Mar-Apr 2013

Congressional Abdication

Congress has been abandoning its traditional role in foreign policy to the executive branch.

Essays

Syria's Crisis of Transition

History shows that an internationally led negotiation is the best way out of the civil war, but the situation isn't yet ripe for action.

When Kerry Stormed D.C.

John Kerry was just five years out of Yale when he testified before the Senate Foreign Relations Committee and became an instant celebrity.

Japan's Daunting Challenge

Shinzo Abe might turn Japan into an isolated, aging, indebted fortress.

Delusions of Indispensability

The notion that America is the world's "indispensable nation" is hardly questioned, even as it fosters strategic overreach.

The Mythical Liberal Order

A cooperative, law-based international system remains an aspiration, not a reality.

Books & Reviews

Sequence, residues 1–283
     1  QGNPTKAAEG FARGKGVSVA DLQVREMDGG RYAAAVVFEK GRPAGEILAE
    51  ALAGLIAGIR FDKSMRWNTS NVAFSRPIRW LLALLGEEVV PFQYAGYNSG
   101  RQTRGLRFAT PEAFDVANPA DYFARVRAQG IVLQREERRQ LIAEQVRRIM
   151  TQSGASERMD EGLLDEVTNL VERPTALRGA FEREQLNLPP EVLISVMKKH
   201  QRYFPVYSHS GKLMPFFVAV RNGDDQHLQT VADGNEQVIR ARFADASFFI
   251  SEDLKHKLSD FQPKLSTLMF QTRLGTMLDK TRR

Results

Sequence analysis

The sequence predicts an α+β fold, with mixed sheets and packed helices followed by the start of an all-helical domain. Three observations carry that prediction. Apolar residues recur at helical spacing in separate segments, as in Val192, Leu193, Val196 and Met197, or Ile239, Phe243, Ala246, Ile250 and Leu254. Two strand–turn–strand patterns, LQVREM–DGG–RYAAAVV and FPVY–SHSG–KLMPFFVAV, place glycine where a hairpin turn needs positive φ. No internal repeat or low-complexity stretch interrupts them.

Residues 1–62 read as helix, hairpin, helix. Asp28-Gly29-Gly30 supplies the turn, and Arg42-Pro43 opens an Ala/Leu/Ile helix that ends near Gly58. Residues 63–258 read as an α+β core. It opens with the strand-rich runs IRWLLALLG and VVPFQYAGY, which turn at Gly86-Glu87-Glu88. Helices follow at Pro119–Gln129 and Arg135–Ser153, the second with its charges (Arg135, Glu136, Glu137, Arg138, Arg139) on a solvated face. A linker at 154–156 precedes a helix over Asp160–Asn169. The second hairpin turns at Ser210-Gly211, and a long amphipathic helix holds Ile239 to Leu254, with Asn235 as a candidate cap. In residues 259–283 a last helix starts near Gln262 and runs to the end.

The McChrystal Way of War

The general was an innovative thinker in the midst of major changes in the Army.

Mo Yan's Delicate Balancing Act

China's Nobel-winning writer has been heavily criticized for being too close to the regime. Yet a close reading of his work shows he's far more complicated than his critics think.

Reassessing the Coolidge Legacy

Despite poor reviews from most historians, Silent Cal presided over a robust economy, surpluses, serious reductions in the national debt and generally very good times.

The Realist

A Sadly Simplistic Afghan Debate

Nixon's handling of Vietnam and China could offer insights for Obama in Afghanistan.

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April 19, 2014